Imagine if a music stage became smart? What songs would it sing?
Juniper research suggests that over 38 billion objects will be connected by 2020. Today, in 2016, intelligence can be added to inanimate objects. Yes, it is true. We are living in an age where simple structures, even those made of wood, can be brought to life.
During Halifax Pop Explosion, Lixar teams will be bringing music stages to life through mobile, data science, IoT, and cloud technology.
How? Through #GoodVibrations at #HPX2016! Actual seismographic data will be collected.
Why? Because we want to understand if a performer and band’s energy level on stage translates to a more engaged and energetic response from the audience. Also, does the level of audience participation and engagement, shown through vibrations, translate to a more energetic performance from the band. In essence, does one fuel the other and vice-versa?
In addition, if the experience is positive (or negative) are fans more likely to share more or less through social media tweets, pictures, videos and posts? How does the performance affect the sentiment analysis?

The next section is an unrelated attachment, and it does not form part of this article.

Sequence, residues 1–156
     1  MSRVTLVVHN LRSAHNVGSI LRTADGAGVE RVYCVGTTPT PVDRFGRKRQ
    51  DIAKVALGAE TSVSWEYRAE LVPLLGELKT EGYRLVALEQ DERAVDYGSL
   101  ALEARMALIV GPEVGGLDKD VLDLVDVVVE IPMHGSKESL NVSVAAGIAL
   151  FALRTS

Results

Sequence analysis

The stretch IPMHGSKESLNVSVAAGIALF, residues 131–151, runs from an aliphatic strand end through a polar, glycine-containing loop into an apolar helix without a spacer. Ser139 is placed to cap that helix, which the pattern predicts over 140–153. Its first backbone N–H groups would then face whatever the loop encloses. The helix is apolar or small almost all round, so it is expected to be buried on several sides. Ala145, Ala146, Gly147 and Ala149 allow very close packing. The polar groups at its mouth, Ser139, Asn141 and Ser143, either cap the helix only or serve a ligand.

How will the vibration data be captured?
The seismographic data will be captured through mobile devices kept safe in 3D printed cases. The devices will be strategically placed on the stage likely located near the bass drum and the bass guitar player. Same applies for the audience, the devices will be strategically placed on the floor likely near the stage, sides of the stage and near the back. The data will then be uploaded to the cloud in real-time with Microsoft Azure (Microsoft Flow, Event Hub, Streaming Analytics) and sent to a SQL data base.
The database can then be extracted with visualization tools like Power BI for clean insight dashboard analytics and Tableau for creative art display. The next question is how will the tools be utilized? What is the visualization process? How will the data be correlated and organized visually? How will it be shown?
Here is an example of the seismographic data collected at the proof of concept test at the Press Ottawa on September 30. (Thank you to Ottawa bands How Far to Mexico and Lost to the River for agreeing to participate.)
There is no question, music sends waves of #goodvibrations. Now, let’s prove if #goodvibrations at Live shows help to move our collective feet, bodies, (and perhaps, souls).
Presentation from Data Science meetup can be found here: lixar-data-meetup-2016-10